Fighting Monsters, though long, is worth sticking with. It is a work of wisdom in that Richard Braithwaite’s reflections on the entire episode bring him to comment on Australians’ relationship with the Pacific war, with Japan and the Japanese, and with the people of Sabah, whose beautiful land became the setting of so much suffering. He quotes the respected Australian Holocaust historian, Inga Clendinnen (who sadly herself died a month before Richard), that ‘it is better to be hurt by the truth than comforted by lies’, an aphorism apt for those urging the practice of Honest History. Richard Braithwaite offers a manifesto for thinking about the Pacific war, with its persistent self-righteousness and claims on both sides to victimhood. ‘Lose the hatred’, he urges, recognise how all those involved suffered, understand why Japanese soldiers behaved as they did, ‘seek a common history of the Pacific War’, ‘acknowledge the injustice of the war crimes trials’ and apologise to each other and seek ways of mutual healing.
It is a truism much repeated that the world wars scarred Australia and its people deeply. In general, the claim is usually and actually exaggerated, by seizing on terrible episodes (The Nek, Fromelles, the Montevideo Maru, Sandakan, for example) but then generalising and extrapolating unduly. Many families were of course touched by war, but only a minority were affected on the scale of the Moxhams, Botterills or the Braithwaites. The force of war’s impact on these few should not be under-estimated, and the awful stories of Sandakan’s victims, in 1945 and after, bear out the enduring power of war for those on whom fate frowns. The Sandakan story has been told many times, and deserves to be. It is fitting that it should be told again, and by a man who brought to the task a life-long knowledge and consuming interest in the event and its effects, and in a manner that illuminates and deepens our understanding. My only regret is that Richard Braithwaite died before he could read the responses that his labour so richly deserves.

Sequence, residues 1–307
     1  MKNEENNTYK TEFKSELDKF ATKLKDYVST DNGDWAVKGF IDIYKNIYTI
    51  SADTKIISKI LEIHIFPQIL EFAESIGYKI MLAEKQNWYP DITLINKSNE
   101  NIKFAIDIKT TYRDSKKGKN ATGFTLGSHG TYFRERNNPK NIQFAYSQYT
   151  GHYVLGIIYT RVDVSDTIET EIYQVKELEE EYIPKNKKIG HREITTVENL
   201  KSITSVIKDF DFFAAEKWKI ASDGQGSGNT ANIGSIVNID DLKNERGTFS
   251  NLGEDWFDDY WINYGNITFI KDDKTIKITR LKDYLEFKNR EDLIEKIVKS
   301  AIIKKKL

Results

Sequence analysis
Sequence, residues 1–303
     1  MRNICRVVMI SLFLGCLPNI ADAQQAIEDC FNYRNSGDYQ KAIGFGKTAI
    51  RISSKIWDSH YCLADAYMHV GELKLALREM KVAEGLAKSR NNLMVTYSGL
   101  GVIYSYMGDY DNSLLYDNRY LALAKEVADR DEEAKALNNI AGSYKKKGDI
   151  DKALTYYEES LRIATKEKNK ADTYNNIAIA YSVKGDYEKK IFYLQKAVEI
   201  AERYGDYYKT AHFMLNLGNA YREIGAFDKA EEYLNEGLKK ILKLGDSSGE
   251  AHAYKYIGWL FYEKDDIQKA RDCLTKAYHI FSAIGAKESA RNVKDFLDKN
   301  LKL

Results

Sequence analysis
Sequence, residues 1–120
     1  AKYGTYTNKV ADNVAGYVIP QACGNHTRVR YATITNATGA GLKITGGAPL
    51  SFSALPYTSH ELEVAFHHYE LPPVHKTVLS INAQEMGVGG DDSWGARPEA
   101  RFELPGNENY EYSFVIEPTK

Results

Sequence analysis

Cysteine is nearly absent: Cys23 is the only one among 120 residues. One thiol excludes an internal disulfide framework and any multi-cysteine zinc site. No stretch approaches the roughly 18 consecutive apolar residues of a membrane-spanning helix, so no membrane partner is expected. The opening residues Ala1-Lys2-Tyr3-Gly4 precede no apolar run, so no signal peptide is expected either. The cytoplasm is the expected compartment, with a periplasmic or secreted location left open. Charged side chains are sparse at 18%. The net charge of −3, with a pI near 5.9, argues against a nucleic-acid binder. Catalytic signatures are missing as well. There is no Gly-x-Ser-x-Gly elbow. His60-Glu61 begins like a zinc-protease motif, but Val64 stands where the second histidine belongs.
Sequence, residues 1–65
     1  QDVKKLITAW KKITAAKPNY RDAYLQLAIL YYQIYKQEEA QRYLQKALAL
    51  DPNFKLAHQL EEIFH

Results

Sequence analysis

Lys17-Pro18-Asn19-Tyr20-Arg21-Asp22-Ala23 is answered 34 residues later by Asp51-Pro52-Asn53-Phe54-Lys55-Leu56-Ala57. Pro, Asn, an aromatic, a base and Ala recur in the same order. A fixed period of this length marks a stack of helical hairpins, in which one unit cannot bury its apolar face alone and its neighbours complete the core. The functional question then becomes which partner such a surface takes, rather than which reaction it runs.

Autographed ‘good luck’ flag carried by 2nd Lieutenant Okamoto Kazuo, Sandakan (AWM REL/11479)